First - I didn't Ask for the Page Protection to stop you making your points. - Referring to my cotributions as defacing is just a bias on your part. I happen to think the "Nuke is Safe" crowd are desecrating the graves of those killed in Chernobyl - with the equivelent of the "Holocaust never happened" genre comments. So show me one number plucked from the air - i'm waiting for you to back up your slander - while we're waiting - perhaps you'd like to explain why nuclear reactors need a 300 Billion dollars insurance policy at taxpayer expense (Because they're perfectly safe - would be WRONG) - perhaps you can name one other energy technology which needs a Federal Insurance Bail-out? The Article was marked NPOV when II found it - with both sides openly resigned to perpetual POV wars. Benjamin Gatti

Actually I was pretty optimistic about a good NPOV article until you showed up. I was (and am) realistic about the fact that all of the editors here will never agree themselves but a good NPOV article is possible here. Instead we have the article as it is. Where even the first sentence is factually incorrect. Dalf | Talk 06:22, 15 July 2005 (UTC)
Pretty Positive with a label of totallydisputed over the article - when I came - i did not inject controversy into this issue - its been there forever. Benjamin Gatti
Actually at the time of your first edit the article was under {{NPOV}}. It did notget the {{totally-disputed}} tag until June 4th over two weeks after you had arrived and made 99 edits (assuming my count just now was correct) to the article. Dalf | Talk 06:18, 18 July 2005 (UTC)
If safety is your concern, you might find it more productive to bring rail transport up to speed. The number of people killed and maimed by trains vastly overshadows the victims of nuclear power, and yet, they devote a single paltry paragraph to railway disasters. Most of the article blithely ignores the danger. --Yath 05:21, 14 July 2005 (UTC)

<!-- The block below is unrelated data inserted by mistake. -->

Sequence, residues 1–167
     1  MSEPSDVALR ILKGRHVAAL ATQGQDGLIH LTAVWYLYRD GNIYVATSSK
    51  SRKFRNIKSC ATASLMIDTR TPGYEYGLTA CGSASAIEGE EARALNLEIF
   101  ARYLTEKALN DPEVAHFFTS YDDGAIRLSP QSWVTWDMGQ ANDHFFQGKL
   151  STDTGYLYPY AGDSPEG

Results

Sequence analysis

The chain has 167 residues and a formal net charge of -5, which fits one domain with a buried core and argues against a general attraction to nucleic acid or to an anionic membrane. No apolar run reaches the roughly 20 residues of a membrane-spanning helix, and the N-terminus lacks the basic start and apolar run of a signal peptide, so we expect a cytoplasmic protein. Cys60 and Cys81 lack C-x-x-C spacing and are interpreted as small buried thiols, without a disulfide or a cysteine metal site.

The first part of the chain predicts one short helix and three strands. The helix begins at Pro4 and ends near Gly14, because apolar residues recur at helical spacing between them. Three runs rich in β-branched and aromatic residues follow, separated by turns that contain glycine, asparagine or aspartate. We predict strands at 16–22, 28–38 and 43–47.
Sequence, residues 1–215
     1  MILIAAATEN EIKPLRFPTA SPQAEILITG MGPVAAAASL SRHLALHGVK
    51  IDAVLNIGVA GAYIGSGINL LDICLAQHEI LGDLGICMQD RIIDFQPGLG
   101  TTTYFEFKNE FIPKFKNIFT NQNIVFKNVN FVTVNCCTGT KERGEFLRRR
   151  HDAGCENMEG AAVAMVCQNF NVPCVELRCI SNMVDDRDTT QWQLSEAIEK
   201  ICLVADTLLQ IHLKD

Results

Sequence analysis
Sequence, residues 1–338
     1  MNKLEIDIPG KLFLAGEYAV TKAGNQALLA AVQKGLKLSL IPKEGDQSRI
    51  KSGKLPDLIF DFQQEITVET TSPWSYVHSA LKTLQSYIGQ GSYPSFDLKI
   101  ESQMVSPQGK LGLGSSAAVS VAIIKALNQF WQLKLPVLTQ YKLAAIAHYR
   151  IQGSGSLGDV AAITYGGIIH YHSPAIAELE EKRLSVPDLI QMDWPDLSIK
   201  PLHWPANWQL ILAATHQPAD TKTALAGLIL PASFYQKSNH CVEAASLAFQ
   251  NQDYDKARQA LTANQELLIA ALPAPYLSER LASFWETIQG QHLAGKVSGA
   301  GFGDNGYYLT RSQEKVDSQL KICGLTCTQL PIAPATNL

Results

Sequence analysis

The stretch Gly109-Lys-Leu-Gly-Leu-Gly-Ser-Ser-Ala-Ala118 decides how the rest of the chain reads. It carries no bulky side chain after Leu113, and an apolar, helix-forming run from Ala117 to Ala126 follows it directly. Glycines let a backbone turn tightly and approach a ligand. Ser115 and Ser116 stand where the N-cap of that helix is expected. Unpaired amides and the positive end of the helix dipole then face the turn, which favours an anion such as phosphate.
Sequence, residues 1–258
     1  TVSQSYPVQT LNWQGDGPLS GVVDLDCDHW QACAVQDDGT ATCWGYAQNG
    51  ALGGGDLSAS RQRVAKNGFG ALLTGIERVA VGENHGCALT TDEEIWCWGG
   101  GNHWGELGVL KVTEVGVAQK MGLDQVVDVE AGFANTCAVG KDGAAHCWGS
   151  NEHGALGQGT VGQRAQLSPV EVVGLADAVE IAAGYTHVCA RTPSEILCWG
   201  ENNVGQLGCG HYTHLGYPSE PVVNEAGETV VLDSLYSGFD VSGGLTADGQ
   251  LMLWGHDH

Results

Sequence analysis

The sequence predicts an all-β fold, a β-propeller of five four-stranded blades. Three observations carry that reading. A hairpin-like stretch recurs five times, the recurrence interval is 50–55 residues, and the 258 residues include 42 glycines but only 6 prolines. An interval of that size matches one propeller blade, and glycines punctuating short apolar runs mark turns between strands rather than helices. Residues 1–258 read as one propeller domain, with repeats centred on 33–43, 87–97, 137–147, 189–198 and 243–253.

I never said it was safe, that is a misrepresentation of what I actually said. What I actually said is more along the lines of "Coal kills more people every year than 60 years of nuclear war/nuclear weapons/nuclear power did in TOTAL, even including Hiroshima and Nagisaki", which is not to imply that it is safe, merely that the alternatives are especially ghastly. I was also very clear about my support for PA. The fact is that no means of generating energy is completely safe. Some kill a few (or a lot of) people every year, others kill nobody, but have the RISK of killing significant numbers in case of failure. Even solar has the potential to kill people (small odds of maintainance of the arrays hurting someone, multiplied by a very large number of arrays, for instance). At this point insurance becomes relevant, especially since the sources that kill people every year get to do so for free (because we are accustomed to it), but something that doesn't generally kill people has to pay big time if it ever does. You want to see some numbers? Here they are, http://gristmill.grist.org/comments/2005/4/7/143956/8950/28. I dare you to try to find ANY even reasonably reliable numbers comparing nuclear power to Coal that shows nuclear kills more people. You simply will not be able to, the science on this subject is so overwhelming that no such study exists. Go ahead, show me your numbers, I've shown you (some of) mine. Vertigre